to x2 ) 2. only sometimes grows in Y (no limit, just a increment) 2.1. if original m < 0, increment can be negative and still work x2 x1, y1 /1 /2 x2 x1, y1 with + y increments with - y increments 3. if original abs(m) > 1, swap back the coordinates /3 if(abs(m)  >  1){ putpixel(y,x); } else{ putpixel(x,y); } int  inc  =  (m  <  0)?  -­‐1  :  1; ... y  +=  inc; after swapping That would only cover 4 octants, but since we assured that the ﬁrst point from which the iteration starts (x1 ) was always the leftmost, this is immediately extended to all 8 octants!
11. ### II. Circle Algorithm Considerations: -Only works in 1st Octant Properties

of Octants: -All are symmetrical! How to generalize for all octants? Use the symmetry of the circle. http://faculty.uoh.edu.sa/l.ababseh/Bresenham%E2%80%99s%20Circle%20Algorithm.ppt SOURCE:
12. ### Fixing Circle Algorithm 2 3 6 4 5 1 Part

traversed by the algorithm Notice the use of symmetries draw(x,y) draw(y,x) draw(-­‐y,x) draw(-­‐x,y) draw(-­‐x,-­‐y) draw(-­‐x,-­‐y) 7draw(x,-­‐y) 8 draw(y,-­‐x)
13. ### Fixing Circle Algorithm 2 3 6 4 5 1 Part

traversed by the algorithm Notice the use of symmetries draw(x,y) draw(y,x) draw(-­‐y,x) draw(-­‐x,y) draw(-­‐x,-­‐y) draw(-­‐x,-­‐y) 7draw(x,-­‐y) 8 draw(y,-­‐x)
14. ### Fixing Circle Algorithm 2 3 6 4 5 1 Part

traversed by the algorithm Notice the use of symmetries draw(x,y) draw(y,x) draw(-­‐y,x) draw(-­‐x,y) draw(-­‐x,-­‐y) draw(-­‐x,-­‐y) 7draw(x,-­‐y) 8 draw(y,-­‐x)
15. ### Fixing Circle Algorithm 2 3 6 4 5 1 Part

traversed by the algorithm Notice the use of symmetries draw(x,y) draw(y,x) draw(-­‐y,x) draw(-­‐x,y) draw(-­‐x,-­‐y) draw(-­‐x,-­‐y) 7draw(x,-­‐y) 8 draw(y,-­‐x)
16. ### Fixing Circle Algorithm 2 3 6 4 5 1 Part

traversed by the algorithm Notice the use of symmetries draw(x,y) draw(y,x) draw(-­‐y,x) draw(-­‐x,y) draw(-­‐x,-­‐y) draw(-­‐x,-­‐y) 7draw(x,-­‐y) 8 draw(y,-­‐x)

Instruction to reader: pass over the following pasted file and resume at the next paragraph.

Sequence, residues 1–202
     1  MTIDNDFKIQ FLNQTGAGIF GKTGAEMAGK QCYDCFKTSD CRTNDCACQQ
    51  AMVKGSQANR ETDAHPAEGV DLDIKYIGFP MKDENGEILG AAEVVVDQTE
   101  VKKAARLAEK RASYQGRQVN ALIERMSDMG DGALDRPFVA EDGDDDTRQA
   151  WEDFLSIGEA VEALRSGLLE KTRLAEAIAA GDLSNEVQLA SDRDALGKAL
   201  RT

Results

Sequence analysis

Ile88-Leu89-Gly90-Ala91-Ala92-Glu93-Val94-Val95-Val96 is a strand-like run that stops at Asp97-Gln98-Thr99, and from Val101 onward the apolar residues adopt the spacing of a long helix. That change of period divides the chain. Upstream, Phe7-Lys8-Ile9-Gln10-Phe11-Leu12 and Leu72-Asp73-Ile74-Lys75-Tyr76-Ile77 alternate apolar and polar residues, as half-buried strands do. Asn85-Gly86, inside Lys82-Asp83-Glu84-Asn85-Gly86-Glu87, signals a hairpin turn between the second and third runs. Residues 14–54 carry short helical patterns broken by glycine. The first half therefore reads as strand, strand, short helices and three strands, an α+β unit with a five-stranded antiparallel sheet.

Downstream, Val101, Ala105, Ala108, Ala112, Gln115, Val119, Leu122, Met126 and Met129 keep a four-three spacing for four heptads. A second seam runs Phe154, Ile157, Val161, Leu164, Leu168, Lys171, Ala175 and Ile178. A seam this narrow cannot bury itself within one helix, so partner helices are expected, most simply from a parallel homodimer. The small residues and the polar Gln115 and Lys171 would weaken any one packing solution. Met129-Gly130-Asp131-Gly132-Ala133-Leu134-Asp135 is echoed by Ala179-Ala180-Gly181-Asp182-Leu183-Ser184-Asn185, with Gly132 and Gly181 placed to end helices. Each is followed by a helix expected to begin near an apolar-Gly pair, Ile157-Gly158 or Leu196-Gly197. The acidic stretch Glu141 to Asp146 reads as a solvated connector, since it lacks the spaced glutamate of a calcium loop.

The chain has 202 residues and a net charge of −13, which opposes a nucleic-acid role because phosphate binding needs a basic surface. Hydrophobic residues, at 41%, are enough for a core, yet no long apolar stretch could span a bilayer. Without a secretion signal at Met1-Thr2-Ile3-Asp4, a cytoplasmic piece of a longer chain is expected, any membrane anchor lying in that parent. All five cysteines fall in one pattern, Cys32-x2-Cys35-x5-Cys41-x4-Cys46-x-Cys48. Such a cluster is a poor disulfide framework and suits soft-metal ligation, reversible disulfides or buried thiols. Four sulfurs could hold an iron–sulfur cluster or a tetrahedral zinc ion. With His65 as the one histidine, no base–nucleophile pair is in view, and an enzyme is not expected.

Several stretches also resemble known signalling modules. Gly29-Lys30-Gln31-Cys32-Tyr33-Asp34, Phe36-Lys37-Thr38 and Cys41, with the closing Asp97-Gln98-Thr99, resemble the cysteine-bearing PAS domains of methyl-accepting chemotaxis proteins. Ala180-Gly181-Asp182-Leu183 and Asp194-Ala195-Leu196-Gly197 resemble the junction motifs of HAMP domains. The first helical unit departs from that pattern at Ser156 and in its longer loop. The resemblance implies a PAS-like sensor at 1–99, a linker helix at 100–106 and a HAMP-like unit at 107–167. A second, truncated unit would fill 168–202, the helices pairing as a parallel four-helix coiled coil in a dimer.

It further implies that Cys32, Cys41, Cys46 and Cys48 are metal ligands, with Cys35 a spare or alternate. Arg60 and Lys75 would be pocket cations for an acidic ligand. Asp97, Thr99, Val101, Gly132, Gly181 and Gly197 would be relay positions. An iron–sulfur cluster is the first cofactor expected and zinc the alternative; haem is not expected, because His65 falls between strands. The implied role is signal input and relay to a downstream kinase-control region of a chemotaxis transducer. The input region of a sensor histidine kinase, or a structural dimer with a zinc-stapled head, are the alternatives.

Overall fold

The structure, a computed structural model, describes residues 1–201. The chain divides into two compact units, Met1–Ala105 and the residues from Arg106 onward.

17. ### Fixing Circle Algorithm 2 3 6 4 5 1 Part

traversed by the algorithm Notice the use of symmetries draw(x,y) draw(y,x) draw(-­‐y,x) draw(-­‐x,y) draw(-­‐x,-­‐y) draw(-­‐x,-­‐y) 7draw(x,-­‐y) 8 draw(y,-­‐x)
18. ### Fixing Circle Algorithm 2 3 6 4 5 1 Part

traversed by the algorithm Notice the use of symmetries draw(x,y) draw(y,x) draw(-­‐y,x) draw(-­‐x,y) draw(-­‐x,-­‐y) draw(-­‐x,-­‐y) 7draw(x,-­‐y) 8 draw(y,-­‐x)
19. ### Advantages of Bresenham Variations • Only uses addition/subtraction and comparisons,

which are cheap operations while inside the loop. • The control values which involve multiplication are computed only once, outside the loop, so their cost is almost meaningless. • Control values use only integers, which are fast for operations and doesn’t have the error induced by the use of ﬂoating point numbers.

21. ### • By default opens in “Draw Lines” mode • 500

points are generated randomly each time “Draw Lines” is pressed • Each time the user clicks on the screen, a prompt will ask for a determinate amount of lines to be drawn, between the existing points. • Touching the screen again will ask for a new amount of lines, erasing all the previous ones, but maintaining the set of points. • Entering an invalid value will result in 0 lines being drawn. • Try drawing 7777 lines! Draw Lines
22. ### Trying different amounts of lines Even the two Axis are

being drawn using Bresenham Algorithm! Also, a bubble containing the current pointer coordinate will follow the pointer. This will constantly refresh the screen, but the lines are not being constantly re-rendered. Once rendered, the current image is saved, so to avoid calling all the drawing methods until they are needed again.
23. ### Draw Circles • Originally a clean canvas. • Each time

the user clicks on the screen, a prompt asks for the radius of a circle to be drawn. • The program will draw a circle centered at the position of the click, with the given radius, using the Bresenham Circle Algorithm. • Try different sizes for beautiful results!